Project website: http://openmrs.org/
Developer Information is at: http://openmrs.org/help/developers/
● Camfed: Education can change everything
Since 1993, Camfed has educated girls and supported young women to help tackle poverty in rural communities.
More than 1,940,700 children in the poorest areas of Ghana, Malawi, Tanzania, Zambia and Zimbabwe have benefited from Camfed innovative education programs. Investing in girls and women is a proven way to improve the health and wealth of a whole nation.
In sub-Saharan Africa, 24 million girls can’t afford to go to school. A girl may marry as young as 13 and has a one in 22 chance of dying in childbirth. One in six of her children will die before the age of five. Research shows if you educate a girl she’ll:
-Earn up to 25% more and reinvest 90% in her family.
-Be three times less likely to become HIV-positive.
-Have fewer, healthier children who are 40% more likely to live past the age of five.
Project website: https://camfed.org
Project code is at: https://github.com/CamfedCode/Camfed
In every emergency, whether a natural disaster or an armed conflict, the commotion of survival and flight leads to the separation of children from their caregivers, leaving children vulnerable to violence, economic and sexual exploitation, and trafficking. Current practices to document separated children are outdated, inefficient and paper-driven. As a result, precious hours and days are lost in efforts to reunite children with their caregivers.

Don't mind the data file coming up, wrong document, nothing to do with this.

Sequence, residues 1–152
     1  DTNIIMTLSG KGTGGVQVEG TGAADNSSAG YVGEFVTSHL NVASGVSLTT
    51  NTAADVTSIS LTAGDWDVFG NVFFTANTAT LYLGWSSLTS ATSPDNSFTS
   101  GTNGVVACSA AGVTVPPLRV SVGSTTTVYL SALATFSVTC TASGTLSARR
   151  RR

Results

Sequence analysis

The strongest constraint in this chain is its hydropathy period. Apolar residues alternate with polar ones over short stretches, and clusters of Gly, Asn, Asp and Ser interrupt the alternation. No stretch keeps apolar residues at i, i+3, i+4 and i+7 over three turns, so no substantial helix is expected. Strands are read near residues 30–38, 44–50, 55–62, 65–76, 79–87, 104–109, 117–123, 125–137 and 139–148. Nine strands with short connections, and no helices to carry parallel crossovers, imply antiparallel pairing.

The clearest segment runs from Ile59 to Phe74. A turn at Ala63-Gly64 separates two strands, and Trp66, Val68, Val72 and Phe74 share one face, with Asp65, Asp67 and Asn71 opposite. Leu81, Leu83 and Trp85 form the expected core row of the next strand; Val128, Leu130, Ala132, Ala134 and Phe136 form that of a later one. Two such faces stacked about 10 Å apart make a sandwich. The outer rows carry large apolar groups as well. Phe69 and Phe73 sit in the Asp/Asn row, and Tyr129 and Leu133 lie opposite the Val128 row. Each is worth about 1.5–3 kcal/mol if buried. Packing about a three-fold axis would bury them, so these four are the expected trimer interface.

RapidFTR is a versatile open-source mobile phone application and data storage system that seeks to expedite this process by helping humanitarian workers collect, sort and share information about unaccompanied and separated children in emergency situations so they can be registered for care services and reunited with their families. RapidFTR is specifically designed to streamline and speed up Family Tracing and Reunification (FTR) efforts both in the immediate aftermath of a crisis and during ongoing recovery efforts.
RapidFTR is an open source, volunteer-driven project, under active development by the Child Protection in Emergencies Team at UNICEF, and has received funding from the Humanitarian Innovation Fund and UNICEF Supply Division.
Project website: http://rapidftr.com
● Random Hacks of Kindness(RHOK)
RHOK is a rapidly growing global initiative encompassing a community of over 5,500 innovators in over 30 countries making the world a better place by developing practical, open source technology solutions to respond to some of the most complex challenges facing humanity.
We will be selecting a few problems from the available RHOK problem list before the Hackathon depending on participant preferences.
Project Website: http://http://www.rhok.org/
The Problem statements are at http://www.rhok.org/problems
● Last but not the least we are also looking for problems which lend themselves for developing ‘Proof Of Concept’ in a days’ time and can be done in a language of participant’s choice.
Hackathon presented in collaboration with: